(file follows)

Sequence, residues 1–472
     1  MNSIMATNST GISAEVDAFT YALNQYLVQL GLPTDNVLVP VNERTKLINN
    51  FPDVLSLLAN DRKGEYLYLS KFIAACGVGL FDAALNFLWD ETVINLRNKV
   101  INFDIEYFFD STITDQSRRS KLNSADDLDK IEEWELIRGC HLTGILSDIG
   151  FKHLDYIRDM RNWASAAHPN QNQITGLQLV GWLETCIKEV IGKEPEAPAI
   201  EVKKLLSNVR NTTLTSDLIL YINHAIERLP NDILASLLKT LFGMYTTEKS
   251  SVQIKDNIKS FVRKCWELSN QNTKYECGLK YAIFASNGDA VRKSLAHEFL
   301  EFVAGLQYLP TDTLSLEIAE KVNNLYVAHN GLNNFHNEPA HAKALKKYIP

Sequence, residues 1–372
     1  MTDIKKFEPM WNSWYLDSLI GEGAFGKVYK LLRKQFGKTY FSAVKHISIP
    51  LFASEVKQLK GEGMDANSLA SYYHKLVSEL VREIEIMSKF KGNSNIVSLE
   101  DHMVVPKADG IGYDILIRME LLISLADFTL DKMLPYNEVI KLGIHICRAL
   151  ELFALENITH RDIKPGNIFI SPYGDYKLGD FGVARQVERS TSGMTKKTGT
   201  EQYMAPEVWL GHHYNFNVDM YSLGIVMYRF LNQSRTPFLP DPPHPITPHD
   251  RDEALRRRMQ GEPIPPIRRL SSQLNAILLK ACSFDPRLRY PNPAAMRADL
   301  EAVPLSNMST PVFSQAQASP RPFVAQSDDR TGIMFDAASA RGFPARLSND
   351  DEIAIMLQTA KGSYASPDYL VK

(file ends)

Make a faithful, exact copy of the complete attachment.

Sequence, residues 1–472
     1  MNSIMATNST GISAEVDAFT YALNQYLVQL GLPTDNVLVP VNERTKLINN
    51  FPDVLSLLAN DRKGEYLYLS KFIAACGVGL FDAALNFLWD ETVINLRNKV
   101  INFDIEYFFD STITDQSRRS KLNSADDLDK IEEWELIRGC HLTGILSDIG
   151  FKHLDYIRDM RNWASAAHPN QNQITGLQLV GWLETCIKEV IGKEPEAPAI
   201  EVKKLLSNVR NTTLTSDLIL YINHAIERLP NDILASLLKT LFGMYTTEKS
   251  SVQIKDNIKS FVRKCWELSN QNTKYECGLK YAIFASNGDA VRKSLAHEFL
   301  EFVAGLQYLP TDTLSLEIAE KVNNLYVAHN GLNNFHNEPA HAKALKKYIP

Sequence, residues 1–372
     1  MTDIKKFEPM WNSWYLDSLI GEGAFGKVYK LLRKQFGKTY FSAVKHISIP
    51  LFASEVKQLK GEGMDANSLA SYYHKLVSEL VREIEIMSKF KGNSNIVSLE
   101  DHMVVPKADG IGYDILIRME LLISLADFTL DKMLPYNEVI KLGIHICRAL
   151  ELFALENITH RDIKPGNIFI SPYGDYKLGD FGVARQVERS TSGMTKKTGT
   201  EQYMAPEVWL GHHYNFNVDM YSLGIVMYRF LNQSRTPFLP DPPHPITPHD
   251  RDEALRRRMQ GEPIPPIRRL SSQLNAILLK ACSFDPRLRY PNPAAMRADL
   301  EAVPLSNMST PVFSQAQASP RPFVAQSDDR TGIMFDAASA RGFPARLSND
   351  DEIAIMLQTA KGSYASPDYL VK